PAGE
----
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Project Title

Establishing a clinical phenotype for cachexia in end stage kidney disease

Research Focus:

Chronic Illness and Palliative care


Funder & Dates

R&D Office PHA (01.09.16) & NIKPA (01.11.17)


Principal Investigator or Primary Supervisor (if PhD project)

Professor Joanne Reid (PI)

Co-Investigators or additional supervisors

Professor Peter Maxwell, Belfast City Hospital/QUB; Dr Helen Noble, QUB; Dr Joanne Shields, Belfast City Hospital; Professor Sam Porter, Bournemouth University; Dr Adrian Slee, UCL.

Research Fellow(s) or PhD Student

Clare McKeaveney (RF)

Name & Institution of Collaborators

Professor Gary Adamson, Ulster University; Dr Andrew Davenport, UCL; Dr Ken Farrington, East and North Hertfordshire University; Professor Denis Fouque, Lyon University; Dr Kamyar Kalantar-Zadeh, University of California; Dr John Mallett, Ulster University; Associate Professor David Seres, Columbia University Medical Centre; Dr Miles D. Witham, Ninewells Hospital.

Name of External Partner Organisations


Description of Project:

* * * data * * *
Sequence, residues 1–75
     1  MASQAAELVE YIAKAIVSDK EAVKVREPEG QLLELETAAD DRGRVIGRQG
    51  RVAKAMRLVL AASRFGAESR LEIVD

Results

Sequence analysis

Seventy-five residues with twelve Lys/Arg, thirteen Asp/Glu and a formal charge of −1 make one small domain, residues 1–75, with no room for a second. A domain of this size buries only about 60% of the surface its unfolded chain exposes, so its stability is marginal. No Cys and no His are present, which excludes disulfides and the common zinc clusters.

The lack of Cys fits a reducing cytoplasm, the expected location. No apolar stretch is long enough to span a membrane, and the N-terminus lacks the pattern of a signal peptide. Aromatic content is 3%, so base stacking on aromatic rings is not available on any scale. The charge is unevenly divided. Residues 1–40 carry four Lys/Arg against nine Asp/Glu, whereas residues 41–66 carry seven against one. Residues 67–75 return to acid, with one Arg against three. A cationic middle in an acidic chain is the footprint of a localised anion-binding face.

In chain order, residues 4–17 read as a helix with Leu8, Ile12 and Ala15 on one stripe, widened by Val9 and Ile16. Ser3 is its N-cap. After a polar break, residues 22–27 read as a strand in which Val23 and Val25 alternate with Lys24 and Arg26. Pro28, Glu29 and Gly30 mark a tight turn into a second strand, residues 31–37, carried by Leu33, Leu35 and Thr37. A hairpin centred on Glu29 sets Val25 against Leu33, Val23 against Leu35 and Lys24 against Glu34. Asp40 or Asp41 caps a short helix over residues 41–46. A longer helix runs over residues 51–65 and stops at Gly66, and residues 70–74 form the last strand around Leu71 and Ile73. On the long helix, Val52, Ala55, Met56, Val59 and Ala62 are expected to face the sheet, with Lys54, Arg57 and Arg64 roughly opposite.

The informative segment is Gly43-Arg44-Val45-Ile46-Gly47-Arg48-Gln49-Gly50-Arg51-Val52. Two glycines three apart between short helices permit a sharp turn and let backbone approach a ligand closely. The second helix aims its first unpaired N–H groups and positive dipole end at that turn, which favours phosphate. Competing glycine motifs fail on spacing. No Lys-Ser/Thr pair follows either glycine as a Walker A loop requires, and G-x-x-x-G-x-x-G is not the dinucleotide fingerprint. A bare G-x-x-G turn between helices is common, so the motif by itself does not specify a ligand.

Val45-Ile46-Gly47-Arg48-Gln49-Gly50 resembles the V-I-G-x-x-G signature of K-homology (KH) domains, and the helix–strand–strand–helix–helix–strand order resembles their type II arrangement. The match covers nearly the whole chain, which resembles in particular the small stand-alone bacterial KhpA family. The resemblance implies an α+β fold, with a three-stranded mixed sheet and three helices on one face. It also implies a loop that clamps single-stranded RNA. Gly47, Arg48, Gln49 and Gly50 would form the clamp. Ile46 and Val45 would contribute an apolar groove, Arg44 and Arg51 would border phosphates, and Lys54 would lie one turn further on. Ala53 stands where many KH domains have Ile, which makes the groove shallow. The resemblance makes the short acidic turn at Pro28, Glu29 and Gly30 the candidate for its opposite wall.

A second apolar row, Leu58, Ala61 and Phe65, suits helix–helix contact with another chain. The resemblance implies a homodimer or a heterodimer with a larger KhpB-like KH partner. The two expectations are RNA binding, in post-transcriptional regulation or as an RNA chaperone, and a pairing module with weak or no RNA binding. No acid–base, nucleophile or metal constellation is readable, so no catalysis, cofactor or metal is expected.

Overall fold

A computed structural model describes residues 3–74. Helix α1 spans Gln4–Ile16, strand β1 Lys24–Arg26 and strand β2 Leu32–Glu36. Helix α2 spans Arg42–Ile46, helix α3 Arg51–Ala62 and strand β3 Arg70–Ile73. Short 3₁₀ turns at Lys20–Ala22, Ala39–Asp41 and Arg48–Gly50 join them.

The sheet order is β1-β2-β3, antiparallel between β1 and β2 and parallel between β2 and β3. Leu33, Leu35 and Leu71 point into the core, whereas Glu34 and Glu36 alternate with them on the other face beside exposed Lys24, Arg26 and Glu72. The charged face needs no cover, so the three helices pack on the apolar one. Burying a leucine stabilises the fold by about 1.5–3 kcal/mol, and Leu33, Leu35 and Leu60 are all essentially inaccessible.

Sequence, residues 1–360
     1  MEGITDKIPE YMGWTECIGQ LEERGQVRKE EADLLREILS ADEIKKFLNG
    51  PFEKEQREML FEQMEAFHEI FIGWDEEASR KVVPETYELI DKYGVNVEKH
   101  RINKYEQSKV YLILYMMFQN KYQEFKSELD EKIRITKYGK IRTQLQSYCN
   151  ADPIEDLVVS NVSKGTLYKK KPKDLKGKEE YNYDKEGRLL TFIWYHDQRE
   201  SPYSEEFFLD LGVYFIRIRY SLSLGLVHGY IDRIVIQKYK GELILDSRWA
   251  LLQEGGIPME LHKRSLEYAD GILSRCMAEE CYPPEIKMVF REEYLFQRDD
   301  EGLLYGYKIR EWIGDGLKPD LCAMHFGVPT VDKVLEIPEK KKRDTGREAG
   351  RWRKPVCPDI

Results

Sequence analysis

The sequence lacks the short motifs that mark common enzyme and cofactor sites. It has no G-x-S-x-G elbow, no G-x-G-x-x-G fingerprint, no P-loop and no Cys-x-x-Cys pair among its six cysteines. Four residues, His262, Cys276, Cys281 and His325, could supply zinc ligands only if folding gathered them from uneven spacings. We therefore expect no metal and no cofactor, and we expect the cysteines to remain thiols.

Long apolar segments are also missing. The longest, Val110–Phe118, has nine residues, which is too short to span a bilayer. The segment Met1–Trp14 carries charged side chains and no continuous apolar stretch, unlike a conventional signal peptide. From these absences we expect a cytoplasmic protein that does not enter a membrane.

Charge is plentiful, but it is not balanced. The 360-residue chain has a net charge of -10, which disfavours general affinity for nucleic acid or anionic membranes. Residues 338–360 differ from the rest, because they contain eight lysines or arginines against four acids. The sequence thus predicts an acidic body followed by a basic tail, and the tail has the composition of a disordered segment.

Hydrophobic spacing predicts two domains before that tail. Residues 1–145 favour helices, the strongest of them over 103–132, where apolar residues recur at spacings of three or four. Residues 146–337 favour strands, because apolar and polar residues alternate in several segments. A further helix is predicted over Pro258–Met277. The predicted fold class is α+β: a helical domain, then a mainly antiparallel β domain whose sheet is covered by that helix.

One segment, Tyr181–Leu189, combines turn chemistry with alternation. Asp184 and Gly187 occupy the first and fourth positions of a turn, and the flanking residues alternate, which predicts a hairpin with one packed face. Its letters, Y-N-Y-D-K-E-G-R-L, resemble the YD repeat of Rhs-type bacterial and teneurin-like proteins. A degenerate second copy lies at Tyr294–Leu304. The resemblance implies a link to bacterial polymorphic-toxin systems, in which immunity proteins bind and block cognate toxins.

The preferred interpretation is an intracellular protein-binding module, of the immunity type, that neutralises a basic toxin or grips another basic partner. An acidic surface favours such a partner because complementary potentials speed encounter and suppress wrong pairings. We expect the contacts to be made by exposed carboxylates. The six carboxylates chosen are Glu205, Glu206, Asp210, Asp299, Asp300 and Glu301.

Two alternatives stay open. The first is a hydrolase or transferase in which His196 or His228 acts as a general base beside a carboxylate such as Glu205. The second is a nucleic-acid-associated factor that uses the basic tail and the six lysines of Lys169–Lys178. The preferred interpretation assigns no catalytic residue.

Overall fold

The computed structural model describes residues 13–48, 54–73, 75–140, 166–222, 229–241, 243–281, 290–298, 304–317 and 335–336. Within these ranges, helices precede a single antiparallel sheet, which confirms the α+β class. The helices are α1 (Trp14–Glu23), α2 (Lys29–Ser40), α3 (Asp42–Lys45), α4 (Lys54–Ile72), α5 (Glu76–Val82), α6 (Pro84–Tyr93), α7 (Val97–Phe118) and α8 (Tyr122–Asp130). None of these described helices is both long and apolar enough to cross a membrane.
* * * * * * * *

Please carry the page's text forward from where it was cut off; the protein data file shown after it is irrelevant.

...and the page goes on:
Aim; Methods; Expected Outcomes


Surveys using traditional measures of nutritional status indicate that muscle wasting is common among persons with end-stage kidney disease (ESKD). Up to 75% of adults undergoing maintenance dialysis show some evidence of muscle wasting. ESKD is associated with an increase in inflammatory cytokines and can result in cachexia, with the loss of muscle and fat stores. At present, only limited data are available on the classification of wasting experienced by persons with ESKD. Individuals with ESKD often exhibit symptoms of anorexia, loss of lean muscle mass and altered energy expenditure. These symptoms are consistent with the syndrome of cachexia observed in other chronic diseases, such as cancer, heart failure, and acquired immune deficiency syndrome. The aim of this study is to determine the clinical phenotype of cachexia specific to individuals with ESKD.  A longitudinal study will recruit adult chronic haemodialysis patients attending a Regional Nephrology Unit within the United Kingdom. Patients will be followed 2 monthly over 12 months and measurements of weight; lean muscle mass (bioelectrical impedance, mid upper arm muscle circumference and tricep skin fold thickness); muscle strength (hand held dynamometer), fatigue, anorexia and quality of life to determine if they experience (and to what degree) the known characteristics associated with cachexia.Outcomes from this study will provide much needed data to inform development and testing of potential treatment modalities, aimed at enhancing current clinical practice, policy and education.    

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